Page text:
Working Together to Create Stability
Nick* and Brenda* were both working hard to care for their boys but just making ends meet. Nick worked in food service and hoped to someday have a restaurant of his own. Brenda worked full time in retail. They were thankful that Brenda’s mom could care for Charlie and Ben until Brenda got home each evening. The family would have liked to move to a larger apartment but they were already paying almost half their income in rent. By the end of the month, there wasn’t much left in the refrigerator or pantry.
Then Brenda’s mom suddenly became ill. Brenda had to quit her job to stay home and care for the kids. With almost no savings, money was running out fast and the family wasn’t going to make next month’s rent. That’s when Nick learned about MOM from one of his coworkers.
MOM was able to provide Brenda and Nick with a small rent assistance grant. MOM’s case manager advocated for the family with the landlord, and then helped them look for additional ways they could reduce their budget. She also talked with them about other supportive services in the community and assured them they would have all the food they needed from MOM’s Food Pantry for as long as they needed it. Brenda’s mom has since recuperated and is back doing the job she loves—caring for Ben and Charlie.
Brenda is working to find a job that brings in more income and has sick leave, and is trying to plan for a time when her mom might not be able to assist. They continue to enjoy fresh, nourishing food from MOM’s Food Pantry and clothing for the always-growing boys and themselves, while they get back on track.
The need for MOM’s services continues to grow, especially in our Housing Stability program. An important contributing factor is the lack of affordable rental housing in our community. Nearly a quarter of Dane County's 86,000 renter households are paying more than half of their income on rent. Only 5 percent of rental units in Dane County are considered affordable for low-income households. An affordable two-bedroom apartment should cost $638. In Madison, for every unit in this price range, there are almost three households in need of such a unit. Racial disparities in income contribute to higher rates of housing-related hardship among African Americans. (See the Poverty Fact Sheet: Rental Housing Affordability in Dane County for more information.)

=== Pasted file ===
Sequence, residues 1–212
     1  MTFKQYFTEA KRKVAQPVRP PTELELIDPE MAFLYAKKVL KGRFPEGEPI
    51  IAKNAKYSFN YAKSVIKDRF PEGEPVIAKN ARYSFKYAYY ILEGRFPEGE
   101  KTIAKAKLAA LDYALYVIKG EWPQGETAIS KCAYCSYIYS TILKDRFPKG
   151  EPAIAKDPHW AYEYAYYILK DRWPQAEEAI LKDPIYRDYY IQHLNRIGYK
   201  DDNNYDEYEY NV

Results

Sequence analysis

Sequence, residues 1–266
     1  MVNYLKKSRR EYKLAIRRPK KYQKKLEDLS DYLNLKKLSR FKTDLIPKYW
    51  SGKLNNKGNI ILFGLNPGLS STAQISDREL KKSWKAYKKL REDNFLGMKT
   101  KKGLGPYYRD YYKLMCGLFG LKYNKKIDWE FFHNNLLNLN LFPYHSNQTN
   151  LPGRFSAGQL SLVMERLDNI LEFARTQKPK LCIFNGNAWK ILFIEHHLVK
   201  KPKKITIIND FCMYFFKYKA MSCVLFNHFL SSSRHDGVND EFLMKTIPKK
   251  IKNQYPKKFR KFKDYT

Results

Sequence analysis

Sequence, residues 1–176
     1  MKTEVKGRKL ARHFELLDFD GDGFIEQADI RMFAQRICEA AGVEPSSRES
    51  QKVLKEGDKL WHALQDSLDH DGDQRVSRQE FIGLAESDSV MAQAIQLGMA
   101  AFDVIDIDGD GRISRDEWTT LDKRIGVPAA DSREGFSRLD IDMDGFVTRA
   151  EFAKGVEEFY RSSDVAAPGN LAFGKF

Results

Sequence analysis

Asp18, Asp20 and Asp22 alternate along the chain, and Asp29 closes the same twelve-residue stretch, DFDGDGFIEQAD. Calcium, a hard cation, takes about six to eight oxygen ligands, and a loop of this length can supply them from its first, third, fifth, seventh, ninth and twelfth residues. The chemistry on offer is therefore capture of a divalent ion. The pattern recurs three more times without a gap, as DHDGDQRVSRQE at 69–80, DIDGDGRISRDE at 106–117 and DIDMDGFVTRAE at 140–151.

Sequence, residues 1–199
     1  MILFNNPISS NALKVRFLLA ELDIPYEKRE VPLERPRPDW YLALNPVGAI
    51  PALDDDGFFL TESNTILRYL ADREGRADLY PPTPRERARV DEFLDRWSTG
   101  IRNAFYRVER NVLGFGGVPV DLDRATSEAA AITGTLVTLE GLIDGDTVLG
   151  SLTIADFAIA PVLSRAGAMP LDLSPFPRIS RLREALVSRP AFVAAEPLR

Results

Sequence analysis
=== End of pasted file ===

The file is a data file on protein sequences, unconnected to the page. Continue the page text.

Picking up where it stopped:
MOM’s programs cannot solve the affordable housing problem. But providing rent assistance, advocacy, and access to nutritious food when a client is facing eviction is critical to allowing our neighbors to make it through a crisis situation.
Thank you for your support that makes it possible for us to help families like Brenda and Charlie’s remain in stable housing and enjoy nutritious foods.
*Names have been changed to protect the family’s privacy.
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